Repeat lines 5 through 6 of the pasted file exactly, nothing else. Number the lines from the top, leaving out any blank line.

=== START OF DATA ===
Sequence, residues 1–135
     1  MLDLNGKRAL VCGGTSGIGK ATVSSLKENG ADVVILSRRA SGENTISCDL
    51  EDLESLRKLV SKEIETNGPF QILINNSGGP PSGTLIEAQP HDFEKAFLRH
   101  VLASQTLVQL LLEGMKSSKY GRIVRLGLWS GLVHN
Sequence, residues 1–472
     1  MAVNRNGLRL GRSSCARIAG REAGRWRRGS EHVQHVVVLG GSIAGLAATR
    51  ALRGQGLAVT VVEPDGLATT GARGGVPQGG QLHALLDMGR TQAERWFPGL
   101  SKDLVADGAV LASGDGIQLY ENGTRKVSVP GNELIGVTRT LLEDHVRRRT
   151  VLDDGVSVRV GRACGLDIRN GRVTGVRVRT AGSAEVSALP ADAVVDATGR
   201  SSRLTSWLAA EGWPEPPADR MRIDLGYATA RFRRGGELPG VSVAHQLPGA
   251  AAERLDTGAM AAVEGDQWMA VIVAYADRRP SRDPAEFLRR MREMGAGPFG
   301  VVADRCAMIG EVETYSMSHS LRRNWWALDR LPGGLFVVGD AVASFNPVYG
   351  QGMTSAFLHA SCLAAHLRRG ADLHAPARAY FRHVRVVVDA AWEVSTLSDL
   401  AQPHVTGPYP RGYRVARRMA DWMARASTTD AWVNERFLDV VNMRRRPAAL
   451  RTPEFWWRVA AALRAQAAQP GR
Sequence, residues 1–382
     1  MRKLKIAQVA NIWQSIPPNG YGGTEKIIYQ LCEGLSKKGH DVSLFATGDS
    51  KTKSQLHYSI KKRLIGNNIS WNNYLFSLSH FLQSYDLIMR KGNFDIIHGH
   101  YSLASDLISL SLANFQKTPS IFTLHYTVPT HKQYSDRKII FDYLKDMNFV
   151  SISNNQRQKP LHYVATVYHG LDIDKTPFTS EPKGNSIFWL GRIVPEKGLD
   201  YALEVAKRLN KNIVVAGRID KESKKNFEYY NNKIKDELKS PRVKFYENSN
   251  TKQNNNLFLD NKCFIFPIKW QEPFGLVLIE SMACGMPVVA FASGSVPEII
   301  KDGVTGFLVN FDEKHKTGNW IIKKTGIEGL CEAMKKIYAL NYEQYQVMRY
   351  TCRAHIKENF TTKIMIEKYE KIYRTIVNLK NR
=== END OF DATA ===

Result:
Sequence, residues 1–472
     1  MAVNRNGLRL GRSSCARIAG REAGRWRRGS EHVQHVVVLG GSIAGLAATR